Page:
Yet each time he went before the Philadelphia or the Chicago Symphony Orchestra his self-belief was strained. He rushed home to Inge, a down-to-earth former alto, and suffered some kind of nervous breakdown. In a year of slow recovery he discovered an affinity with the sufferings and symphonies of Mahler.
When he next took up the baton Tennstedt joined the ranks of the greatest Mahler interpreters. “I won’t say anything against young men,” he once told me, “but you have to take some blows in life in order to understand the great composers.”
The performances come rushing back to mind. A Sixth Symphony in which all of the century’s horrors seemed to be contained in the terrifying opening march. An Eighth Symphony that achieved, for the only time in my life, total coherence. A Ninth that trespassed into a world beyond ours, a world of truth. These are the unforgettables, the unrepeatables.
His repertory was small enough to start with and he whittled it down further to the bare essentials: Mahler, Beethoven, Bruckner, Brahms. His Mozart was stodgy as apricot dumplings and his Prokofiev sounded like German vodka. But in the music that mattered to him he could not be touched. I never heard him give a half-hearted performance, nor leave the podium anything but drained.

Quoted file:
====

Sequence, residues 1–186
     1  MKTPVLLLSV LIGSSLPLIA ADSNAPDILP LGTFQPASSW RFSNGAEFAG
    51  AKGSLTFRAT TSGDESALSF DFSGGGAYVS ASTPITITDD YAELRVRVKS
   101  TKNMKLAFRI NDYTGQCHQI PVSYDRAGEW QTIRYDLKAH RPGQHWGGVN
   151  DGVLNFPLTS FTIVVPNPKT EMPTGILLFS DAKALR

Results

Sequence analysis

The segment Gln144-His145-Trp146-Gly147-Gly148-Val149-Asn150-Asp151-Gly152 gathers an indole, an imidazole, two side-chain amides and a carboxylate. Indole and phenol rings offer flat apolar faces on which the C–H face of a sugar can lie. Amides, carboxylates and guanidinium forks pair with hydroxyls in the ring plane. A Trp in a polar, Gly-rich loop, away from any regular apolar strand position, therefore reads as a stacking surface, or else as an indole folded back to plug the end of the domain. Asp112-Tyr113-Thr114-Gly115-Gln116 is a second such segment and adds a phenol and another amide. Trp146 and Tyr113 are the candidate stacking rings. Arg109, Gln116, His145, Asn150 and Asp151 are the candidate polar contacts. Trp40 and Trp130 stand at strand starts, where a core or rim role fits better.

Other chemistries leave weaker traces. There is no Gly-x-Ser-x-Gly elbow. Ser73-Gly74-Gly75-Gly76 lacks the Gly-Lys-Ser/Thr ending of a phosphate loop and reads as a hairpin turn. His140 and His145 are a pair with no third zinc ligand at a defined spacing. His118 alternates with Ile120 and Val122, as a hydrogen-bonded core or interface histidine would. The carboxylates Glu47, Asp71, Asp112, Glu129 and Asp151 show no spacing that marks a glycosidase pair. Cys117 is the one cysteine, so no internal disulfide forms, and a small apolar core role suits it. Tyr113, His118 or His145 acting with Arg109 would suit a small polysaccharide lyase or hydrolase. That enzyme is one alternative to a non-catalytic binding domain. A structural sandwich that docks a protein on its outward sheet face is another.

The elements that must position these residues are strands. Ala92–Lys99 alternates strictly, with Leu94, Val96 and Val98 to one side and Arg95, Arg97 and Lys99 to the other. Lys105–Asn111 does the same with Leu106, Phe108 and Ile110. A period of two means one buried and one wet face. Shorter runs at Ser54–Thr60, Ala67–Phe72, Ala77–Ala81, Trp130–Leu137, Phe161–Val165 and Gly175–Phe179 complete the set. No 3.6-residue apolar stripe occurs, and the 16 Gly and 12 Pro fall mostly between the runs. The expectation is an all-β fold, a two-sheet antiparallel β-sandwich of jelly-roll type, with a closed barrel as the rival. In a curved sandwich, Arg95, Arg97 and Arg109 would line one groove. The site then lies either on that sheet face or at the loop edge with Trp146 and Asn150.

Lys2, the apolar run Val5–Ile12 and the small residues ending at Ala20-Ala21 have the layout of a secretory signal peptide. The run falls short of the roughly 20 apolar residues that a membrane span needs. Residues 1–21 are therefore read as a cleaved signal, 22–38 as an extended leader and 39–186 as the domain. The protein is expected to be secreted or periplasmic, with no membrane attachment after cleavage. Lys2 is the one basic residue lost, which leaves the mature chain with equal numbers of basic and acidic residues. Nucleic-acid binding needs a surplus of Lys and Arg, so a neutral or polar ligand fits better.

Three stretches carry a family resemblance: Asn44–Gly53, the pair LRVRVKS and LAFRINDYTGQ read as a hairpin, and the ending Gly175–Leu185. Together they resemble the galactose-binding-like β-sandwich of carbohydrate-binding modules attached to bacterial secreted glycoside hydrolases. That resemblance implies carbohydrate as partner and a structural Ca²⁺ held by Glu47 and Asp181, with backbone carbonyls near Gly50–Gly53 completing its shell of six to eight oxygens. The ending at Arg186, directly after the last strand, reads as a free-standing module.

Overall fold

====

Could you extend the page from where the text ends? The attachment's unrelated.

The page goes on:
The players would walk through fire for him. He once conducted the Adagietto of Mahler’s Fifth Symphony so slowly that they could barely aspirate – and then whipped into the finale without a second’s pause. His specs were by now so covered in sweat that he had to wipe them clean, so the orchestra had only the beat of his kneecap to follow.
He was convivial enough, but was often lost for conversation, not being of an intellectual turn of mind or having much of a memory for gossip. On his balcony at Kiel, he would sit for hours watching the ships pass by. Yet there was a magnetic quality to him that was felt by musicians and children. As we chatted in German, my fidgety nine-year-old daughter sat motionless, transfixed at his side, his arm around her shoulders.
His London life ended sadly. A chain-smoker, he was diagnosed with lung cancer in 1985 and underwent surgery and radiation. He would never feel the same again, his fragile self-belief shattered beyond repair. He cancelled concert after concert, only to be greeted by a huge banner, hanging from the upper balcony of the Festival Hall: “Welcome back, Klaus!” The orchestra stripped him of his title in August 1987, but continued to hope he would recover. He finally gave up on the first day of a tour of Japan in 1992, succumbing, it seemed to me (I lunched with him that day), to a frailty of mind rather than of body.
I heard him conduct his last recording, the Beethoven violin concerto in Kiel with Nigel Kennedy, a fellow victim of musical pressures. I last saw him three summers ago in Oxford, where he had been coaxed into directing the student orchestra. For six short minutes of a Weber overture, Tennstedt was back at his best. But the moment he put down the baton, he became an old man, defeated by pain and loss.
If he could not conduct, he did not want to live. He resumed smoking with a vengeance and ruptured old friendships. Until last week, there were still people in orchestras and record companies who believed he would some day return. He belonged to no tradition and left no pupils. Like the ephemeral art of music at its finest, he has been – and gone.